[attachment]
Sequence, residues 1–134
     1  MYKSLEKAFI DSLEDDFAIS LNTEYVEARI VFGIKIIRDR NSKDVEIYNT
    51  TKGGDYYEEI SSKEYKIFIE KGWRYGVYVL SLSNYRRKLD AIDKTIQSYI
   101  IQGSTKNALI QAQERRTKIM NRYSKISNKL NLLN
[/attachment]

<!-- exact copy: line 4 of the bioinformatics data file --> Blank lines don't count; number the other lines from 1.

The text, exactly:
   101  IQGSTKNALI QAQERRTKIM NRYSKISNKL NLLN